|(TURMPRESSE). We offer a collection of the series Dichter aller Volker undZeiter, consisting of the first nine publications in this series (of twentypublished finally). Each pamphlet is a large folio (50.5 x 34 cm.), of 14 pp.,with every page bearing the remarkable hand-colored woodcut designs of theartist and printer Karl Lorenz. Each example is one of 30 copies, irregularlynumbered as copy no. 2. The plates are frequently signed by Lorenz. Those textspresent are as follows: Von Mohr, J. Stille Nacht, Heilige Nacht... Goethe, J.W. von. Ins Siebenthe Jahr... Humboldt, W. von. Der Zware Weck des Menschen...Brockes, B. H. Drierlei Violen. ``Silesius, A.'' [Scheffler, J.] Nichts ist,was... Nietzsche, F. Vor Sonnen, Aufgang... Kleist, H. von. Wehe, meinVaterland. Korner, Th. Wie wir so treu besamemn... Heine, H. Das Meer. Thesebooks were published as part of the Weinachts Paket 1930; each is crudelyprotected by a heavy card wrapper on which the name of the author is written inpencil, evidently by Lorenz. Accompanying the nine parts is a matching newpaper folder containing ten folio proof sheets, each with hand-coloured textand illustrations, with additional annotations by Lorenz. All of this materialis contained within a massive cedar case of recent construction, with agilt-stamped leather label. Apart from some trivial defects, everything is inunusually fine condition.|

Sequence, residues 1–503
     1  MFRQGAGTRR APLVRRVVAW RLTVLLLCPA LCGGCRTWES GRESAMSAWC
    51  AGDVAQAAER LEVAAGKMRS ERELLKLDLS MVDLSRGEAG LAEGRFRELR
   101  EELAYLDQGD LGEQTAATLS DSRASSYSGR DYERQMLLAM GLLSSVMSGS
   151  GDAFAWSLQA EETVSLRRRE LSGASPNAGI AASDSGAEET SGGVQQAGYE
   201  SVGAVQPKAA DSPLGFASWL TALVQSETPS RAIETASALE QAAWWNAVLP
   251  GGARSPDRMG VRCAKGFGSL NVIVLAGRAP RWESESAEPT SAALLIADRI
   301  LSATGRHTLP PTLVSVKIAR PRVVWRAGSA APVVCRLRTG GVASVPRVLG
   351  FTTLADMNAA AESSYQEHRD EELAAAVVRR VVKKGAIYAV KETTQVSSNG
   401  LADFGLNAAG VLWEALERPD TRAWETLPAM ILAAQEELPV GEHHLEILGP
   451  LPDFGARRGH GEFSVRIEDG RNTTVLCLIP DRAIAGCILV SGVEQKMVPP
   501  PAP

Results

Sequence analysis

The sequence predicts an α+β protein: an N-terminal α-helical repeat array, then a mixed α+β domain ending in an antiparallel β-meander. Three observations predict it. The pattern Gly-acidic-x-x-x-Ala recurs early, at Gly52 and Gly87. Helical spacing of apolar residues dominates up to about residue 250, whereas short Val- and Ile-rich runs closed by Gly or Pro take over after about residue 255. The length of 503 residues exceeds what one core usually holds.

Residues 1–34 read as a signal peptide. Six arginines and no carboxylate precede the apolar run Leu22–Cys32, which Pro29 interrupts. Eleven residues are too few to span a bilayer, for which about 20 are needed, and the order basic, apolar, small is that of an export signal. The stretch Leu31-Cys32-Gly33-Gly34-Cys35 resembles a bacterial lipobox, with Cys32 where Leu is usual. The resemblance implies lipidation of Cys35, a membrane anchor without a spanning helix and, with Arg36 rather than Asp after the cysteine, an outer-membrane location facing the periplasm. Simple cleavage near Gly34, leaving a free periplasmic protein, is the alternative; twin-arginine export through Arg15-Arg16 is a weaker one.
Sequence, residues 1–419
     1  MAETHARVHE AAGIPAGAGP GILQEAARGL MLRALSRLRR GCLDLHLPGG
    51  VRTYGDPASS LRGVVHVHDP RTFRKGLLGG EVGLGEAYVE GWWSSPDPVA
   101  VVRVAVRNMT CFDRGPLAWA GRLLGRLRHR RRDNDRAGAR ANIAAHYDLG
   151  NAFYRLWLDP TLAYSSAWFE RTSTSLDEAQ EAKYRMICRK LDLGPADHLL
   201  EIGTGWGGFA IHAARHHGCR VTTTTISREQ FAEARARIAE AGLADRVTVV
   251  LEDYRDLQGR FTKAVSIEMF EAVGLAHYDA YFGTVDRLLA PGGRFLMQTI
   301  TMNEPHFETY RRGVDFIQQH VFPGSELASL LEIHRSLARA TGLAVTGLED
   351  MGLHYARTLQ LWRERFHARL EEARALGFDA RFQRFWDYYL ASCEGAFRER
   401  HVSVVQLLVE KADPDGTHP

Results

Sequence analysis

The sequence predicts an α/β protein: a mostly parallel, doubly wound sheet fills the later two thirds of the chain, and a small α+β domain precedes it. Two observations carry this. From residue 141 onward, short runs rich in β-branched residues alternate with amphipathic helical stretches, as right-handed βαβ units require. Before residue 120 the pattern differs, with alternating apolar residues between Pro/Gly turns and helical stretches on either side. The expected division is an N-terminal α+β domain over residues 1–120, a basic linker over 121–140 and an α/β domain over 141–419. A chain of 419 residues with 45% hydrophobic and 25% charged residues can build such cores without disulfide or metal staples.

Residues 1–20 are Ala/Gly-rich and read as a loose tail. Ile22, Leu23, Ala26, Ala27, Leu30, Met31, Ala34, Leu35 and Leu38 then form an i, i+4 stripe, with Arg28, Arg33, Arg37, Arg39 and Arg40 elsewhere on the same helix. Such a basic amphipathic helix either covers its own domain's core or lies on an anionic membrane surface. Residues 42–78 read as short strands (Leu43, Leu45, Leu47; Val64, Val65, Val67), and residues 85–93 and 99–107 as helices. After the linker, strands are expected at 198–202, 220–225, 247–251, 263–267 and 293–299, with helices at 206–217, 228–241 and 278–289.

Very rare indeed. Little is recorded about the work of Karl Lorenz at hisTurmpresse, but it is abundantly obvious that he was very idiosyncratic talentindeed. Rodenberg, writing in "The Woodcut," volume III says"...his art of cutting wood shows the gnarled, rather stubborn, butsincere manner of the North German... Those whose conservative mind will onlyadmit the beauty of mediaeval `old face' as the most perfect form of characterwill find little to appeal to them in the woodcut lettering of Karl Lorenz,though he continues to experiment in his many woodcut publications... What issurprising in this manner of cutting lettering on wood is that, in spite of anapparent freakishness--he cuts directly without drawing on the block--there isa distinct discipline, a command of the line in which the illustration seemsalmost to have frozen into stylized ornament."
Indeed, his illustrations, crude and vital, are less Expressionist in mode thanthey are forerunners of Dubuffet and l'Art Brut. Lorenz operated from 1924 atMalente-Gremsmuhle in Holstein, clearly as a one-man operation. The littleinformation that is available comes from Rodenberg's Deutsche Pressen, EineBibliographe, Zurich, 1930, that contains a check-list and brief biographicalnotes. Perhaps significantly, Rodenberg's list shows only items 10-15 and 19-20of this particular series, and none of the present volumes.